Type 2 diabetes is a common condition that causes the level of sugar in the blood to become too high. Caused by problems with insulin in the body it can often be linked with being overweight or physically inactive, and if left untreated it can lead to serious problems with your eyes, heart and feet.
The good news is that people can reduce their risk by making changes to their lifestyle.
Over the coming months, people in Dorset who have raised blood sugar and have therefore been identified as being at risk of developing Type 2 diabetes by their GP will be offered support through the NHS Diabetes Prevention Programme to change their lifestyle, helping to reduce or even eliminate their risk.
The NHS Diabetes Prevention Programme is delivered by Living Well Taking Control in a number of areas across the UK including Dorset. The programme offers advice on making changes to individual lifestyle to reduce risk factors associated with the disease. These including losing weight, taking more exercise and stopping smoking.
Dr Craig Wakeham is a GP in Cerne Abbas and is clinical lead for Diabetes with NHS Dorset CCG. He said “Nationally around 9 per cent of the population are considered to be at risk of diabetes. The good news though is that people who may be at risk can take some simple steps to reduce this.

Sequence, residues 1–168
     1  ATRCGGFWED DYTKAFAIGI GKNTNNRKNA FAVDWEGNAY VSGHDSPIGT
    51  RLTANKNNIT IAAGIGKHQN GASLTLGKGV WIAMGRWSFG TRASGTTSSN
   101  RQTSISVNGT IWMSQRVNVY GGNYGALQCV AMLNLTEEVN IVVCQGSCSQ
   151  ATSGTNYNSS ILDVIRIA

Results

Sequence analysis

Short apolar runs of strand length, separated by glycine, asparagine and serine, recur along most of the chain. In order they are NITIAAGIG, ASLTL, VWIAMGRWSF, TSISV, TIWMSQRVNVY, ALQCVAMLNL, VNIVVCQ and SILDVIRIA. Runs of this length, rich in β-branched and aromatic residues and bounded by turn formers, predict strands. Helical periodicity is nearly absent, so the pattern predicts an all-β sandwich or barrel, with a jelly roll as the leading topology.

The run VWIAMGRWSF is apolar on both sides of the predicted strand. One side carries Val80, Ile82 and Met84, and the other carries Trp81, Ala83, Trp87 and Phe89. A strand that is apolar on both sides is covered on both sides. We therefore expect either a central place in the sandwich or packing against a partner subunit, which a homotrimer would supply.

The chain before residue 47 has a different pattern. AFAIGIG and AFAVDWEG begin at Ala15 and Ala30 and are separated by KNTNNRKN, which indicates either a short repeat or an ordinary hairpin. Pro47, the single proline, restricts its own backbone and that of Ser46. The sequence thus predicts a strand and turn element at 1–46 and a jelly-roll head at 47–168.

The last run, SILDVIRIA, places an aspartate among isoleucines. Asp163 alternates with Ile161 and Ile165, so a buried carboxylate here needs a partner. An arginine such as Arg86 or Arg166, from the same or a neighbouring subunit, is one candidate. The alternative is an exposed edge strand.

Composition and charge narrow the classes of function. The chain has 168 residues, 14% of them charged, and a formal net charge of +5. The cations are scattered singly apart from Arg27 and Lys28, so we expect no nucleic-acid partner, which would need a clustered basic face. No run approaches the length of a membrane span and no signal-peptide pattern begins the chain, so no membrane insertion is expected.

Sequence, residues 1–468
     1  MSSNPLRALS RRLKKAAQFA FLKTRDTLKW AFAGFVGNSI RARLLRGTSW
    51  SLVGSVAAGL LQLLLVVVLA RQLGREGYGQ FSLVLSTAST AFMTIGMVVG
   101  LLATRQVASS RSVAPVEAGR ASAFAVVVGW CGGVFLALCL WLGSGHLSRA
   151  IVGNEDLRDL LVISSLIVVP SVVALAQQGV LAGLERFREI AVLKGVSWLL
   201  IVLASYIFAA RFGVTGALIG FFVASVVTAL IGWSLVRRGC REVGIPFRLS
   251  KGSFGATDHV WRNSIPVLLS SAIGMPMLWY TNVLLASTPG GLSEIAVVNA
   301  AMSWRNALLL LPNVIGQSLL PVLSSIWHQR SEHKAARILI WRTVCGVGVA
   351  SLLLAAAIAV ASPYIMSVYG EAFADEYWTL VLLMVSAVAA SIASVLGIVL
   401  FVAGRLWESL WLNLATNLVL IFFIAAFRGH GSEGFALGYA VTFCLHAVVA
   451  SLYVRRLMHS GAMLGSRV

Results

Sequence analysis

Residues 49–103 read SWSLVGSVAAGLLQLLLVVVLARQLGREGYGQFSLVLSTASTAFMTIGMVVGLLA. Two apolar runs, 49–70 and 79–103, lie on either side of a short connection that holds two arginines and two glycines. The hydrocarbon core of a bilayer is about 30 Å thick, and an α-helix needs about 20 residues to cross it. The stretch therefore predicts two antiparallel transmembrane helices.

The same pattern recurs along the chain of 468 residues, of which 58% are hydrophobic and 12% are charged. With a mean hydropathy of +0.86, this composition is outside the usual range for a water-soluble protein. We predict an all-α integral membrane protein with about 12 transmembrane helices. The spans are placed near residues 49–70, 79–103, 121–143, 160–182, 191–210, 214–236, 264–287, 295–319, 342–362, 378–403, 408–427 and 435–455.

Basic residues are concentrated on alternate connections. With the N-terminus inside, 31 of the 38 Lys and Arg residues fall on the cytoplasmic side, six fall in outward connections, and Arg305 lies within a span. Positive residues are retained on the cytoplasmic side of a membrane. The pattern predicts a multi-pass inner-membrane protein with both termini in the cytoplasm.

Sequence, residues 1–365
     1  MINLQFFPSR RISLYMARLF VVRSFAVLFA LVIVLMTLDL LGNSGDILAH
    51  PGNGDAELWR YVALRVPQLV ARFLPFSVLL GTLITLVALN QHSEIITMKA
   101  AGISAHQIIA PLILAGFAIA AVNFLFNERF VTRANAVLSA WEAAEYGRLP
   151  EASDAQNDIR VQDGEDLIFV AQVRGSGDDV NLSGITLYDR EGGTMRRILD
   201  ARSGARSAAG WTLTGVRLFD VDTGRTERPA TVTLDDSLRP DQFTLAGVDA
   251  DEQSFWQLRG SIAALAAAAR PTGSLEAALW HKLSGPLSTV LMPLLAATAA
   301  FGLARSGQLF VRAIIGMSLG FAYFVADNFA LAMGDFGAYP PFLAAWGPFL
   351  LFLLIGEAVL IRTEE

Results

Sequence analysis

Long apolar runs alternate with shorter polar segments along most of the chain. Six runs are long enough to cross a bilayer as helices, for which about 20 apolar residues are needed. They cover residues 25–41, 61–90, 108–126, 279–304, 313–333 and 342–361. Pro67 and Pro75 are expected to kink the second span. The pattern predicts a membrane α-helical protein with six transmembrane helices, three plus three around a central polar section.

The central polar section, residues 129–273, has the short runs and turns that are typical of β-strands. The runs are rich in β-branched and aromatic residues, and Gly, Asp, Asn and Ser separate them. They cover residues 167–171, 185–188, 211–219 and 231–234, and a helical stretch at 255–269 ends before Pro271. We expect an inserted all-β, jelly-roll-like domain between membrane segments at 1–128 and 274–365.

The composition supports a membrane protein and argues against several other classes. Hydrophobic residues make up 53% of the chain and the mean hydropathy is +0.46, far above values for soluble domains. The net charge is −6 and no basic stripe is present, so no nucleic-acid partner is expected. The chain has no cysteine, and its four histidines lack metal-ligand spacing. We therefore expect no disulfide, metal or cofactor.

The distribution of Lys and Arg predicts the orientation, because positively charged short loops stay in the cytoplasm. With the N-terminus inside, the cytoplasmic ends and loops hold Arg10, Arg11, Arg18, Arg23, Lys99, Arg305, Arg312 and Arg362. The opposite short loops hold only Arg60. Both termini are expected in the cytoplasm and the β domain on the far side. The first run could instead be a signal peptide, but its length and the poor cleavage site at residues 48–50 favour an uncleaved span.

As a GP I would encourage people who receive a letter not to ignore it but to visit their practice and find out more.”
Dr Jane Horne Public Health Consultant with Public Health Dorset “Even if you are not considered to be at risk of diabetes, simple changes like giving up smoking, eating more healthily or taking more exercise, can have a great impact on your health; if you are looking to improve your health there are loads of opportunities to do so across the county. If you are over the age of 18 and want support to help achieve a healthier lifestyle, our LiveWell Dorset service is free and can offer personalised guidance whatever your goal.”
Starting in West Dorset local GP practices will be identifying people who could be at risk and inviting them in to take part in the Diabetes Prevention Programme where they can discuss what they can personally do to avoid diabetes.
Over the next few months the programme will be rolled out across the rest of Dorset.
Diabetes Prevention Week takes place between 16 and 22 April.
Find out more about diabetes at http://www.nhs.uk/diabetes.
For more information about LiveWell Dorset visit www.livewelldorset.co.uk.